Kate Bollinger is in a constant state of motion.
Her most recent single “Running” embodies this enthralling dynamism. “Wait, I’m always running/ I can’t keep up it seems/ Even in my dreams,” Bollinger croons during the chorus, her honeyed vocals flowing over the strum of a gently arpeggiating guitar. Recorded with producer Sam Evian in the middle of the woods in upstate New York, the reposeful track sees the singer-songwriter acknowledge acute apprehensions with soothing self-assurance.
“It must have been two years ago now since I wrote that song. It was a big time of transition in my life, in multiple ways,” Bollinger said in an interview with The Daily Californian. “It’s definitely my favorite song that I’ve made.”
It’s easy to understand the artist’s emphatic appreciation for “Running,” which radiates her characteristic warmth — a unique brand of folksy, jazz-infused instrumentalism. Nevertheless, running is more than merely a vigorous activity that Bollinger partakes in while confronting change and traversing dreamy, lyrical landscapes.
“On the last tour, I started running,” Bollinger laughed, realizing the similarity between her preferred pastime and the title of her latest single. Hitting the road for extended periods of the year, the artist finds herself constantly surrounded by others, yet physical exercise keeps her grounded in a state of tranquil solitude. “It’s important to go do things by myself.”
As Bollinger continues her upward ascent, garnering nearly 1 million monthly listeners on Spotify, finding these private, independent outlets becomes all the more important. Earlier this year, she opened for Faye Webster’s spring tour. More recently, Bollinger has embarked on her first headlining tour.
“I love opening for other artists. It’s really fun and exciting,” Bollinger said. “But it was just a different experience playing for people that came to see my band play.”
The observation exemplified Bollinger’s introspective sincerity, a quality that no doubt draws fans near and far to her sold-out shows. In Montreal, one dedicated devotee even traveled all the way from Japan to watch her performance.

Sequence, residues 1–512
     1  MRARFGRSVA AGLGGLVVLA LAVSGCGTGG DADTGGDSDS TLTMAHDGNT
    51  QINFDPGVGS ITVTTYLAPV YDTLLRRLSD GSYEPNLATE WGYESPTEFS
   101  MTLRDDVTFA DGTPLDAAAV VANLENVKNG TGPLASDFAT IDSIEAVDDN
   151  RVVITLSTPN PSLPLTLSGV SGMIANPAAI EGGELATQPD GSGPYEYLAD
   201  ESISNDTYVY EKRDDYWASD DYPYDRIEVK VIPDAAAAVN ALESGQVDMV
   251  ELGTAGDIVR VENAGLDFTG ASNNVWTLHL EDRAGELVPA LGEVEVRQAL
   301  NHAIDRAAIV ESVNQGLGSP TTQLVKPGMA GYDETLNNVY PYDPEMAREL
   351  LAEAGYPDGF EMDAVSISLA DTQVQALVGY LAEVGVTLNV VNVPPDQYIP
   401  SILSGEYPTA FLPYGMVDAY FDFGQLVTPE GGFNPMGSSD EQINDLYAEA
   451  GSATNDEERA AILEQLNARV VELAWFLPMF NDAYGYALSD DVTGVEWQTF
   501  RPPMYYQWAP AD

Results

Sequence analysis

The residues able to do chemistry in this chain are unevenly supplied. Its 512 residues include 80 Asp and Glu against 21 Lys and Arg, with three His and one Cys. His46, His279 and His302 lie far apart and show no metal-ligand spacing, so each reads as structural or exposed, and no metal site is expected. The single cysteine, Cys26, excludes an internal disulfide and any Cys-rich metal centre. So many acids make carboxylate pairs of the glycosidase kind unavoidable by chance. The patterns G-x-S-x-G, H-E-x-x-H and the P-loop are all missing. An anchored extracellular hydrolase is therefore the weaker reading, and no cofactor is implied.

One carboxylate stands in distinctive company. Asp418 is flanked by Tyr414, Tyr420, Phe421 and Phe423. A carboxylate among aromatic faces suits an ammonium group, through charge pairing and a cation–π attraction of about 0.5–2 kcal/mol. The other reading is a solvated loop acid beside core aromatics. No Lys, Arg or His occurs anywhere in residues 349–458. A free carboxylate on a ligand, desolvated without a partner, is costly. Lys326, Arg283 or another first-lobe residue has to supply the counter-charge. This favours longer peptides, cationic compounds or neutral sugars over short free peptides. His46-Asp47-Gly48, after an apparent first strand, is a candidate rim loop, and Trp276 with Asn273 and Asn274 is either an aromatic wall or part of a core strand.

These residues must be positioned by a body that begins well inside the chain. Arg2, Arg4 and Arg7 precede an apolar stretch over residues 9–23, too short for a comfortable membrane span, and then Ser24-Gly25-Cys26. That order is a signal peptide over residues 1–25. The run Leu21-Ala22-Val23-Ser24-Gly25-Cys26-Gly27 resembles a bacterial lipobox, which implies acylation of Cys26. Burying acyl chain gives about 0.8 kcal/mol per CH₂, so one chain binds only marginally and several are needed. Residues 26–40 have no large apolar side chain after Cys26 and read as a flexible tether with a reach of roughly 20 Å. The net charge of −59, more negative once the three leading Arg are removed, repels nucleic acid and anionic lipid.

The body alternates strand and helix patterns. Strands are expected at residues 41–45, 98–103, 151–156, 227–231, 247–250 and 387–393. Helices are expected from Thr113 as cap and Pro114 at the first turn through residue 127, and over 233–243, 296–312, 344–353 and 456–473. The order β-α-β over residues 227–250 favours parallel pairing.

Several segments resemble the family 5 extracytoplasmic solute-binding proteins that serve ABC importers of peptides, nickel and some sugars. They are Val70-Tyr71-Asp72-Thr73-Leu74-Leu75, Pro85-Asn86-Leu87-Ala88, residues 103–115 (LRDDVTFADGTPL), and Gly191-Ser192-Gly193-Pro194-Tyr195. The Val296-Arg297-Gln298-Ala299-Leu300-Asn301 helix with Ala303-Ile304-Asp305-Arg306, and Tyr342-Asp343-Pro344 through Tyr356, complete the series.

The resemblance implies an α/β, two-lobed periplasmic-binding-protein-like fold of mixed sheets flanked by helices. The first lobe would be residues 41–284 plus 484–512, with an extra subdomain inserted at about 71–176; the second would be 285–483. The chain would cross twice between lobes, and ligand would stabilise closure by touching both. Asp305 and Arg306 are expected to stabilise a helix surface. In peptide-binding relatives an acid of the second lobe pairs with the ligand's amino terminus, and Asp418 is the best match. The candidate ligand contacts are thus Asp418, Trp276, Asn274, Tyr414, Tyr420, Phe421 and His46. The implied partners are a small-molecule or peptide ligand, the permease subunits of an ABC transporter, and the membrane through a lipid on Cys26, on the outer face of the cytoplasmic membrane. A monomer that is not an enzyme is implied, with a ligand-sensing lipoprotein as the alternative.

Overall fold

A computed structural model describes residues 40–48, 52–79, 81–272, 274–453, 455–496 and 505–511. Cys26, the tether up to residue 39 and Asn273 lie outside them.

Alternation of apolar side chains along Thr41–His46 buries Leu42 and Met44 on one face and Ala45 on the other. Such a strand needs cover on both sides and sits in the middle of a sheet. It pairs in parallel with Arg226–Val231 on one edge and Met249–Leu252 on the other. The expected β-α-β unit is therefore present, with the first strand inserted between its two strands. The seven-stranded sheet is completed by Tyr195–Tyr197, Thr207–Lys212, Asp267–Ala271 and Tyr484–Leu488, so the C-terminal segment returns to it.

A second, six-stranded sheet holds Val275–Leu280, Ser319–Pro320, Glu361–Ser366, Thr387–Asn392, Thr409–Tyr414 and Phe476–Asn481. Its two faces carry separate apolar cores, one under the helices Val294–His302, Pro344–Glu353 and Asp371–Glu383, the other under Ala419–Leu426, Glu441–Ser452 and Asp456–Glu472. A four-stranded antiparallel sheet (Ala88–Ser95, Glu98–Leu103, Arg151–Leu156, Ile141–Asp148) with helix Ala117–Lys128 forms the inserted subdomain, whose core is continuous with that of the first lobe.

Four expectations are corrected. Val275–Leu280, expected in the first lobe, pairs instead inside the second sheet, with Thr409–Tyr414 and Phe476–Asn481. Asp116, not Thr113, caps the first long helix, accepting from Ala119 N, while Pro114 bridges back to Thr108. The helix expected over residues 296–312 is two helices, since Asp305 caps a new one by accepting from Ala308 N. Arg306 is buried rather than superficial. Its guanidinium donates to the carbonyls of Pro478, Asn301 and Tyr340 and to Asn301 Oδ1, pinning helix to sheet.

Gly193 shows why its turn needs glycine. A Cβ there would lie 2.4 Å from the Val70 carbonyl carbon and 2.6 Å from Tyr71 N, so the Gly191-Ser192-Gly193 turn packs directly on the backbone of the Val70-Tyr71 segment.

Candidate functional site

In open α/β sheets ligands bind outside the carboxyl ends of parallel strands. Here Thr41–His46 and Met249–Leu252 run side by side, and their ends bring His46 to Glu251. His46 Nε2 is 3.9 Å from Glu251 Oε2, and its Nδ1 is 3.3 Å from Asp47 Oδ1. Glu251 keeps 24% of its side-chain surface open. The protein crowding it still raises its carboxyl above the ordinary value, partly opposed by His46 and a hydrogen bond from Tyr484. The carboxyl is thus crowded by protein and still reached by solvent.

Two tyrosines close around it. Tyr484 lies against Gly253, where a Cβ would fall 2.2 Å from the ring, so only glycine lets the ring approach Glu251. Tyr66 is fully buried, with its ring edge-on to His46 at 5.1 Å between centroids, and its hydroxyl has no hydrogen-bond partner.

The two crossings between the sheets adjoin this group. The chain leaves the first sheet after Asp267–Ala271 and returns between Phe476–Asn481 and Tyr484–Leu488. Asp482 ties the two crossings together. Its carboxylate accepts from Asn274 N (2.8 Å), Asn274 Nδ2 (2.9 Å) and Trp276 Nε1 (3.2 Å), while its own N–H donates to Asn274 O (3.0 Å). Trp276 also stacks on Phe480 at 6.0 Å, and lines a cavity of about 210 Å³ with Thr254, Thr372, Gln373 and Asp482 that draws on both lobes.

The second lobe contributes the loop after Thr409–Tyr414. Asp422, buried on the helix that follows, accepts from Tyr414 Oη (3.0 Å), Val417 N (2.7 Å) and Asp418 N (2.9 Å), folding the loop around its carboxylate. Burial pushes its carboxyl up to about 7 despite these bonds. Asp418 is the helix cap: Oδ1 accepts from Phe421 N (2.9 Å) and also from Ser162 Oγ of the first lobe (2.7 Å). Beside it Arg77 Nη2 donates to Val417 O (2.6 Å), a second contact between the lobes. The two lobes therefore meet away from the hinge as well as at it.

“We took a bunch of pictures together, and I signed some things,” Bollinger said, her remembrance exuding equal parts exhilaration and shock. “It just kind of blew my mind that she came from Japan.”
After listening to Bollinger, however, it’s no surprise that someone would journey across seas to witness her live. The singer-songwriter unravels intricate memories and nuanced emotions with striking finesse and clarity, her lyricism unfurling with the revitalizing candor of spoken word poetry. Bollinger’s languid vocals meander over ambling acoustic melodies and airbrushed drum snares, further mesmerizing with atmospheric intimacy.
Sometimes, this intimacy comes effortlessly, as was the case with “I Found Out,” the first track on Bollinger’s most recent EP Look at it in the Light.
“It was pretty much done from the day that it was written,” Bollinger remarked.
Composed outside of a barn-turned-studio on a farm, “I Found Out” interweaves certainty and doubt with a self-reflective exploration of spirituality. Save for a few instrumental finishing touches, the track came together almost instantaneously, but this is a relatively rare process for Bollinger. Elaborating on her struggles, she even admitted to her recent fear of creating emotionally revealing music.
“I don’t want to be too exposed, but at the same time, most of the music that I like is really personal, and that’s the kind of music I want to make and release,” she said, articulating the difficulty of walking the fine line between vulnerability and overexposure.
Fortunately, Bollinger has a few tools in her back pocket to help her resolve this complex dilemma — namely, her upbringing. With a songwriting mother and multi-instrumentalist brothers, Bollinger grew up in a musically-inclined environment, to say the least. When navigating the turbulent waters of intimate lyricism, she naturally returns to her roots. In particular, Bollinger continues to heed the advice of her mother, who also happens to be a music therapist.
“She always told me to write bad songs,” Bollinger said. “Like, you have to write a bunch of really embarrassing personal songs that you’re never going to show anymore to get the ones out that you’ll love and end up wanting to share with people.”
Indeed, Bollinger has much to offer, her tender sensibilities capturing visceral moments of emotional release while also leaving much to the imagination. Though she crafts a compelling self-portrait, her ability to resonate with all listeners proves her uniquely transcendent magnetism.
Now, with three EPs under her belt, Bollinger looks to the horizon. “I want to make a really dynamic album that’s sort of genre fluid, and has a lot of different sounds on it,” Bollinger said, her enthusiasm palpable even over the phone.
To be sure, Bollinger finds herself running nonstop in her newest single. Yet when it comes to embracing the future, both artistically and beyond, she sets her own pace with aplomb.